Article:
Agile is the answer to everything; or at least, better than a traditional software development approach, they say. Sadly, this is not the case in practice. Each organization, even at project level, must evaluate and consider which approach to go with. This could be an Agile approach, but in environments with a lot of hierarchical and fixed / defined procedures and processes, or any type of certifications (such as aviation, security, etc.), Agile would seem less suitable than a traditional approach. In nearly 50% of the Agile projects, people are not happy with the results.
Agile lacks processes; in Agile, one doesn’t plan; and Agile also lacks discipline! These are very commonly expressed misconceptions. Just like traditional approaches, Agile approaches most certainly have processes. Maybe light-weight processes, but processes nonetheless, which are applied by the Agile team as they deem necessary. People say: everyone does as they please, without planning and discipline. It is rather the opposite, actually! Go ahead and find out how you can, for example, deliver working software through an iteration of two weeks without planning and discipline? Indeed… not possible! Release and iteration planning is a fixed segment of Agile approaches, where scrum- or kanban boards, burn-down charts and the daily scrum are used to align the activities and make them transparent. All these aspects support the planning process to achieve the desired result. In fact, instead of a lack of discipline, we rather see and demand a rock-solid sense of discipline from the Agile team members to achieve this result as a team, through the iteration process.
A stubborn fifth misconception is that apparently Agile does not document. In general, the Agile team
only documents what is really necessary, to be able to perform the required work as per
the requirements of the Agile team or the stakeholders. In some cases, this is indeed
minimal, because our team members know precisely what they need to do and what they can expect
from each other. In other cases, this could be more elaborate, because probably certain requirements
have been set to … for example, maintainability or transferability of products. It could also be due to certain laws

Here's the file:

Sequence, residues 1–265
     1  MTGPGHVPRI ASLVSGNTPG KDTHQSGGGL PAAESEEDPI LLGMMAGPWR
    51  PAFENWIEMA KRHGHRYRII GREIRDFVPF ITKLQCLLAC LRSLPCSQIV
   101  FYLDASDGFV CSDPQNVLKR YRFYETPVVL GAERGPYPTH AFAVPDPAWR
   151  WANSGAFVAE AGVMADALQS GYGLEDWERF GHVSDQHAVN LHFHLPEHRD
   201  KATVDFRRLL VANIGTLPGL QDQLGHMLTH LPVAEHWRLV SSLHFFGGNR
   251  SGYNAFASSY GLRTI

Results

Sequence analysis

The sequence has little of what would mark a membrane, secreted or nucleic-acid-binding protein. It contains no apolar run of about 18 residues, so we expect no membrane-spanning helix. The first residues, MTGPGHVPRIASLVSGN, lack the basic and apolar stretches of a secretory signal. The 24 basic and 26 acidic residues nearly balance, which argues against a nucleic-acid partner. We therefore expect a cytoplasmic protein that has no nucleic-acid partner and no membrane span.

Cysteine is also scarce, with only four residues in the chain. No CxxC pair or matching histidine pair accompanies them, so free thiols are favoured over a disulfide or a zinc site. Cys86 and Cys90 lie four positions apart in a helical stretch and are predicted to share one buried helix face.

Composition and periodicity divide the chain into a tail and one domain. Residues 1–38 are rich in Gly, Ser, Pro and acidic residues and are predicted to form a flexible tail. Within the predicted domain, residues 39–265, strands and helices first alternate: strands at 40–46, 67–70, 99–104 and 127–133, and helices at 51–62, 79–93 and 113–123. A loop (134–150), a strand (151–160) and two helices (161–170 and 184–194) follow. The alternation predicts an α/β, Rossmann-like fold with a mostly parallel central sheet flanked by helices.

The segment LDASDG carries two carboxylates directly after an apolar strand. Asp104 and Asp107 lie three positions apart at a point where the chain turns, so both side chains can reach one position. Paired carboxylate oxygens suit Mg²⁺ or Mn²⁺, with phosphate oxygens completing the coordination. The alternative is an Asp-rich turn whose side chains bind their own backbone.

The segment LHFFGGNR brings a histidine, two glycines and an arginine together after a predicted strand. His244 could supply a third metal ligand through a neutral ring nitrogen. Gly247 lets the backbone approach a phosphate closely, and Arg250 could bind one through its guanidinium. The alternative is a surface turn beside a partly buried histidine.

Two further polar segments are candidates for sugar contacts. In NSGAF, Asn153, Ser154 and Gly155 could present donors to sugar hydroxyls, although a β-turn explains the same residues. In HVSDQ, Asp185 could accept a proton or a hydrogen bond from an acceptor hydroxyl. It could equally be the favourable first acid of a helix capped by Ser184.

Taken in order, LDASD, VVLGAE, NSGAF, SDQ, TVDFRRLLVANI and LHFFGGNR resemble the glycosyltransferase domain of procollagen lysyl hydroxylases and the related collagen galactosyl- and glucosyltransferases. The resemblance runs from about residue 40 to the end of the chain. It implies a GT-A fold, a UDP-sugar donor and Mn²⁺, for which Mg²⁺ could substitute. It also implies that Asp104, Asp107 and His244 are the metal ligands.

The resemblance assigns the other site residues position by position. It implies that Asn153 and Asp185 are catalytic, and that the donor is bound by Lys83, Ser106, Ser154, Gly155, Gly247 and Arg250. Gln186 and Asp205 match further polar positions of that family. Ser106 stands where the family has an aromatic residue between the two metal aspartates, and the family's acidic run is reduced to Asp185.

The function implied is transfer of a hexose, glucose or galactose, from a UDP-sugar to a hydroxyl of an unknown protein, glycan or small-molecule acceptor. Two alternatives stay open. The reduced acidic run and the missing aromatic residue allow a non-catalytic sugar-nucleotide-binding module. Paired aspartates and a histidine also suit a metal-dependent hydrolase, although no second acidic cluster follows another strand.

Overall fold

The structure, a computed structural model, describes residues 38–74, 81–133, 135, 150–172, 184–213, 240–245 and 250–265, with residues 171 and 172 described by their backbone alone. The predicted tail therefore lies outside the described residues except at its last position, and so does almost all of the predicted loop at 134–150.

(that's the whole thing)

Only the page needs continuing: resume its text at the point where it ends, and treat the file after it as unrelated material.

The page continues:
or legislations, which require additional documentation as compared to what the team would need in
order to create the product.
About Leo van der Aalst
Leo van der Aalst is Dutch and studied chemistry, mathematics, physics and biology. However, he switched over to IT almost thirty years ago. After having gone through the classic IT path - from programmer to program manager - he became a specialist in the testing area, in which he held functions such as test manager, test advisor, research & development manager, line manager and agile coach. Leo applied his knowledge and experience in the project- and test management field during a number of international projects and consultancy trajectories (in USA, Germany, Denmark and Austria). He also likes to share his knowledge with other people by writing books and articles, and giving presentations en workshops. Leo is co-author of TMap NEXT® for result-driven testing, TMap NEXT® Business Driven Test Management, TMap® Human Driven and TMap NEXT® in scrum books. He has written many articles (e.g. ‘Software Testing as a Service - STaaS’), which can be found through his website (http://leovanderaalst.nl). Leo is past professor Software Quality at Fontys University Eindhoven in the Netherlands, a much sought-after teacher of test training and a regular speaker at national and international conferences. Leo is an accredited trainer for courses as Certified Agile Tester (CAT), ISTQB Agile-Tester and TMap Suite Test Engineer and Test Master. Besides all this, Leo is development lead of the ISTQB Foundation and Advanced Agile-Tester Syllabi - which are chaired by Rex -, member of the programme committee of the (Dutch) National Software Quality Conference, fellow of SogetiLabs and member of Capgemini Expert Connect.
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